As with any large-scale educational and QI intervention, objective data are needed to critically evaluate and improve the Part 4 MOC. Recently, in a focus group of internal and family medicine physicians at the Mayo Clinic, Cook et al3 found misalignments between the purpose and the current state of MOC. To address this misalignment, the authors of this study recommend a model that “invites increased support from organizations, effectiveness, and relevance of learning activities, value to physicians, integration with clinical practice, and coherence across MOC tasks.” With these goals in mind, we developed and implemented the MOC-PEAKS. Findings from our initial survey period provided valuable data that helped inform program development and align varied interests. We used that constructive data to improve the design and implementation of projects for diverse practices affiliated with a children’s hospital across the Pacific Northwest. We will continue to use this survey to monitor the learning effectiveness of projects and our program, because the learning needs of physicians will likely change over time. Similarly, the value of MOC nationally could be improved, and the widely publicized concerns could be addressed, if all Part 4 MOC programs systematically evaluated their learning effectiveness and used those data to identify and mitigate barriers to physician learning. A standardized and widely used survey and collaborative learning framework could drive program improvement through peer benchmarking and shared learning, particularly if supported by the ABMS.
Although there are many reports of successful Part 4 MOC projects, there are few data on the effectiveness of large-scale Part 4 MOC programs.12,13 Our results from a pediatric setting are similar to those of other studies, which supports the value of Part 4 MOC programs in adult care settings. In a survey of ∼30 000 family medicine physicians, Peterson et al14 found that 78% of participants in Performance in Practice Modules reported that they would change patient care; 90% would continue QI activities, and 90% found the program to have relevance to their practice. A study examining the effectiveness of the American Board of Ophthalmology’s Part 4 program reports that participants made 80% improvements in process and 38% improvements in outcome measures, and 74% of participants rated the program as good or excellent.15 Although improved patient outcomes is one of the goals of the Part 4 MOC, and we demonstrated some improvement in physician perceptions of this domain, we did not identify a strong link. One explanation is that pre-participation survey responses were mostly agreeable and that a ceiling effect prevented a discernable change in all survey questions. Moreover, our mixed results may be expected because QI activities have varied contextual factors, and their immediate effects on patient outcomes are difficult to perceive or measure.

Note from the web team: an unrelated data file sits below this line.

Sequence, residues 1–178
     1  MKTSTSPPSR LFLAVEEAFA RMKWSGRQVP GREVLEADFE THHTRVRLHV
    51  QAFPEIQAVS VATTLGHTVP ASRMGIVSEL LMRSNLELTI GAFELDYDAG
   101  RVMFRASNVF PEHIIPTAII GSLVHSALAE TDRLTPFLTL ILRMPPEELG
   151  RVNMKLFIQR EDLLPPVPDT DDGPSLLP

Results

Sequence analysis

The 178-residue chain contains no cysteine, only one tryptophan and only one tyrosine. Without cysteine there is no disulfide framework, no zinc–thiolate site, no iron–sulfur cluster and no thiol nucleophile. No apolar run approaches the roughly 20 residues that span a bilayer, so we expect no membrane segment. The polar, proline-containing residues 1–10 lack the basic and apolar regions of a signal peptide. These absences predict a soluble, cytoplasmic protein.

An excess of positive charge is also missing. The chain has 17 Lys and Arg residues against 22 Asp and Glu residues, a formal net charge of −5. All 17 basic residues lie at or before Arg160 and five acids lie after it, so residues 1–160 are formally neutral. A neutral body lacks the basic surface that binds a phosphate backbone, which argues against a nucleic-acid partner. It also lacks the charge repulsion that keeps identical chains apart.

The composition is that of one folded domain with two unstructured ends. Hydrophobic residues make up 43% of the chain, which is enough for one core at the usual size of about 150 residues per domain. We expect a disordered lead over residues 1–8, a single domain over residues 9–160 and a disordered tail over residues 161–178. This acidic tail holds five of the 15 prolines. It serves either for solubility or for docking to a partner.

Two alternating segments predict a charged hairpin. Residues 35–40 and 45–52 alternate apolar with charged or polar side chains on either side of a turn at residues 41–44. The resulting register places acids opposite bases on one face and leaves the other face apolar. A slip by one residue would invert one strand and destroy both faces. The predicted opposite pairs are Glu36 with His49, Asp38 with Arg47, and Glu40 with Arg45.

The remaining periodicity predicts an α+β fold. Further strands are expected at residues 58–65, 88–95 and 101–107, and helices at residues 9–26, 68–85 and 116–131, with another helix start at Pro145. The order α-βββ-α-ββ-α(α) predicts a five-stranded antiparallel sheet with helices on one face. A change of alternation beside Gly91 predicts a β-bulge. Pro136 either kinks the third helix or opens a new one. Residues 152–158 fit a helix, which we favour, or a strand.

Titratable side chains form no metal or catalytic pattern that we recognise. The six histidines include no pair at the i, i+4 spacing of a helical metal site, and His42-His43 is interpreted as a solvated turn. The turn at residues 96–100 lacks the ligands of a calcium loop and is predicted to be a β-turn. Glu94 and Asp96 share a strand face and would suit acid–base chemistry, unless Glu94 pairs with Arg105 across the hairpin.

The highest level of evaluation for medical education projects, including MOC activities, is patient-centered outcomes. Because of the challenges and limitations of outcomes based research in medical education, few studies examining the impact of Part 4 MOC programs have reported improved clinical outcomes in care.3,12,16,17 Although learner-centered outcomes (satisfaction and learning) rank lower on Kirkpatrick’s 4-level model, they still hold value as proximal and iterative goals to achieve better patient outcomes to assess the effectiveness of a Part 4 MOC program.18 It remains to be seen if our efforts, or those of the Part 4 MOC, will ultimately lead to large-scale improvements in health outcomes; however, it is unlikely that improvement will happen without first achieving physician engagement in MOC and QI in addition to the ability to apply QI methods. Systematic survey analysis of Part 4 Programs could evaluate a project’s or program’s progression toward meeting these learning milestones.
A number of physician surveys report dissatisfaction with MOC, often citing concerns about relevance and cost.3,19–21 This discontent has led toward a movement among many state legislatures to ban the use of MOC as a criterion for hospital credentialing. This threatens the ability of physicians, hospitals, and governing bodies to demonstrate a commitment to up-to-date and quality care for patients and families. In response, the ABMS and many of the boards are actively trying to improve the Part 4 MOC with more flexibility in project design and management. In this study of a large ABMS Portfolio Program, we demonstrate that value. On the basis of feedback from physician focus groups, the American Board of Pediatrics has launched many new pathways designed to simplify the process and offer more flexibility and relevance to pediatricians in smaller practices.22